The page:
Frederick National Laboratory for Cancer Research

FLC Region

Security Lab

No

Address

1050 Boyles St
P.O. Box B
Frederick, MD 21702
United States

Laboratory Representative

(P)

301-228-4874

Description

The Frederick National Lab is a Federally Funded Research and Development Center (FFRDC) sponsored by the National Cancer Institute (NCI) and operated by Leidos Biomedical Research, Inc. The lab addresses some of the most urgent and intractable problems in the biomedical sciences in cancer and AIDS, drug development and first-in-human clinical trials, applications of nanotechnology in medicine, and rapid response to emerging threats of infectious disease.

Our scientists conduct a wide range of basic, hypothesis-driven research and collaborative studies, including genetics, genomics, protein science, proteomics, bioinformatics, high-performance biomedical computing, laboratory animal sciences, and clinical operations.

As a shared national resource, we offer access to a suite of advanced biomedical technologies, provide selected science and technology services, and maintain vast repositories of research materials available to biomedical investigators nationwide. These research materials include more than 15 million biological specimens, frozen tumor samples, research reagents, and genetically engineered mouse models of human cancers.

The Frederick National Lab partners with external researchers in government, academia, industry, and the nonprofit research community to drive impactful research. By working together, we accelerate progress against cancer and AIDS by bridging the gap between late discovery and early development of diagnostics and therapeutics, creating cross-cutting technology platforms, and proposing new data standards. Our partnerships have generated numerous technologies and research tools available for licensing.

The Frederick National Lab has established a program through which outside organizations—including life science companies and other commercial entities—can enter directly into contractor Cooperative Research and Development Agreements (CRADAs) with the lab. These agreements enable Frederick National Lab researchers to work with external parties to conduct collaborative research activities and explore development of new technologies that are aligned with the NCI mission. Under the agreements, partners can have the first option to exclusive or nonexclusive commercial license.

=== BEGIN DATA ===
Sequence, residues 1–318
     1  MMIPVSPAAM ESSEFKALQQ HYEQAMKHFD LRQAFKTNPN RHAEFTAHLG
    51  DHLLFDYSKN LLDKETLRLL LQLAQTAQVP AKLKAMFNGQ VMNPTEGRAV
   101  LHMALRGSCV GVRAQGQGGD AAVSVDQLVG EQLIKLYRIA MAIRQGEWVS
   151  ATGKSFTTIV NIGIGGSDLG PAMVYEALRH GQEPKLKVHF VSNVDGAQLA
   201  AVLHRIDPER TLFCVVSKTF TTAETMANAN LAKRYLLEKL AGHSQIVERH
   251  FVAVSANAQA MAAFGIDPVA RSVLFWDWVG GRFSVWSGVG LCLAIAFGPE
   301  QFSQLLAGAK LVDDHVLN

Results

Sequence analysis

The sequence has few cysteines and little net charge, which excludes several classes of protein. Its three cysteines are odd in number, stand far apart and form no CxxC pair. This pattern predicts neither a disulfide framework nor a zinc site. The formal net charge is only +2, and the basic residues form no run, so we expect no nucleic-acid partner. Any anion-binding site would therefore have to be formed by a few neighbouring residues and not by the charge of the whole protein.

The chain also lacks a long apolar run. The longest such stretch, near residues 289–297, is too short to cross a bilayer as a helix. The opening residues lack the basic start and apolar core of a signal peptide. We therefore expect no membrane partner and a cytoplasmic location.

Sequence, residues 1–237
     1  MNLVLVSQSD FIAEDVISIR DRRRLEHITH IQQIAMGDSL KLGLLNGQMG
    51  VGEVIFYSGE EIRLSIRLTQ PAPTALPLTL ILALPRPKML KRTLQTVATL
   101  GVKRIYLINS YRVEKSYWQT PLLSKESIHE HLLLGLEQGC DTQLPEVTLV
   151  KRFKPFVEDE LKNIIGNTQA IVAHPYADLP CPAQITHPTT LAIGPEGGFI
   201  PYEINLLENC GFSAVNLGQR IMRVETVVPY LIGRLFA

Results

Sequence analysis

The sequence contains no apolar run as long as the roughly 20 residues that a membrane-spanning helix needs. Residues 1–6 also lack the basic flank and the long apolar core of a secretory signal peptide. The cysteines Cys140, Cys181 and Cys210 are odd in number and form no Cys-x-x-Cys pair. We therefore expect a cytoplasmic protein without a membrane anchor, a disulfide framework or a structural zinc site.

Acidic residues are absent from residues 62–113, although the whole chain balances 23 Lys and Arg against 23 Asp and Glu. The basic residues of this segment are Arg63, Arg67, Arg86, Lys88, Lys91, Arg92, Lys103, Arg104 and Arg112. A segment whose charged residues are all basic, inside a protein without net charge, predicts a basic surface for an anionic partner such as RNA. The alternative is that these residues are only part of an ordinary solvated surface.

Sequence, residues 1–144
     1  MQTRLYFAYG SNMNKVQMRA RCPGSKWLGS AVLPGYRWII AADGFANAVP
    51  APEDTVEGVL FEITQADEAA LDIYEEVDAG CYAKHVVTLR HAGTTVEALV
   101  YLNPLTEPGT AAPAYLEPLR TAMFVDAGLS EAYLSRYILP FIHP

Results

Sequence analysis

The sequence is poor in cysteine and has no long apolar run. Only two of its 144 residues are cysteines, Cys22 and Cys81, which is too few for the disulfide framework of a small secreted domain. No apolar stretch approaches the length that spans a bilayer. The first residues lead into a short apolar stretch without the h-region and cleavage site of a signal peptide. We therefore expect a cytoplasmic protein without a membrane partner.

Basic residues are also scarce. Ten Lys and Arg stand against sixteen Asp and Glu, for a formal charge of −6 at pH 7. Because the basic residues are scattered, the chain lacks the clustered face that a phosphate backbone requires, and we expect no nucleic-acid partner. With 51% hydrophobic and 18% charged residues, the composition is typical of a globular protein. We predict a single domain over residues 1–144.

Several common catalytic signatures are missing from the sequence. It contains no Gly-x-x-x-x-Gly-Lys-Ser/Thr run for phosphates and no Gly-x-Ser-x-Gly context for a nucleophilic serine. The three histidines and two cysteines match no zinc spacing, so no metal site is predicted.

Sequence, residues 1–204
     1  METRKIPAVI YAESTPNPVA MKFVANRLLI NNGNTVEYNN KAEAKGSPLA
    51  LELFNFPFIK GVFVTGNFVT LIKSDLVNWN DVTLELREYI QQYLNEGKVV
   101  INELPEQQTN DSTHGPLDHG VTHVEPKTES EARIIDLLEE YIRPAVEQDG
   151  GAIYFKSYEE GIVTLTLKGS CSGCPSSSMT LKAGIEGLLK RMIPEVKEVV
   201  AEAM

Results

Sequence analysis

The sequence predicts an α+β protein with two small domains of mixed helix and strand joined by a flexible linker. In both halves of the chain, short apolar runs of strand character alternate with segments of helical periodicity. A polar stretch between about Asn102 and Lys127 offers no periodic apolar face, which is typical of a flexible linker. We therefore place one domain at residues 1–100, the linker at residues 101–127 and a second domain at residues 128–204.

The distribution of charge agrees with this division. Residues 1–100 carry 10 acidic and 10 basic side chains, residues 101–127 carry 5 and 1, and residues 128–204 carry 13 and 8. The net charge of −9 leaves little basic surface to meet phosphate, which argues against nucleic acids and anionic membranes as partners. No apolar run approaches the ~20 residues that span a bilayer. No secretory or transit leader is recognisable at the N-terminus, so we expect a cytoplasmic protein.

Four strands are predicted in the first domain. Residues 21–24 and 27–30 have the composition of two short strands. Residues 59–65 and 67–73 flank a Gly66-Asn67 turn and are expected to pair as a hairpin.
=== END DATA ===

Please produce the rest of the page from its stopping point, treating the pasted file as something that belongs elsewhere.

Frederick National Lab scientists also provide services and solutions to collaborators through the Technical Services Program, whose portfolio includes more than 300 collaborations with more than 85 partners. The lab’s unique offerings cover HIV and SIV services; KRAS/p53 mouse models and cell lines for PDAC and NSCLC with assessment of drug toxicity, efficacy, tolerance, survival, and pharmacokinetics; 1,520 mouse embryonic cell lines with most known mouse miRNAs; HLA genotyping; expression profiling for human B-cell lymphoma on the NanoString platform.

The lab is accelerating progress in the fight against cancer, AIDS, and other infectious diseases; stimulating research collaborations; and creating opportunities for technology transfer and business and economic development. These activities represent the necessary investment to maximize the benefits of scientific discovery and innovation on human health.

Mission

The Frederick National Lab is dedicated to improving human health through discovery and innovation in the biomedical sciences, focusing on cancer, AIDS, and emerging infectious diseases.

Tech Areas

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Facilities
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Advanced Technology Research Facility (ATRF)
AIDS and Cancer Virus Program (ACVP)
HPV Serology Laboratory
Laboratory Animal Sciences Program (LASP)
Nanotechnology Characterization Laboratory
National Cryo-Electron Microscopy Facility
The Center for Advanced Preclinical Research
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Success Stories
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A new chemical test available through the Frederick National Laboratory for Cancer Research could accelerate human papillomavirus (HPV) research by detecting 40 percent more HPVs than the current gold standard research test.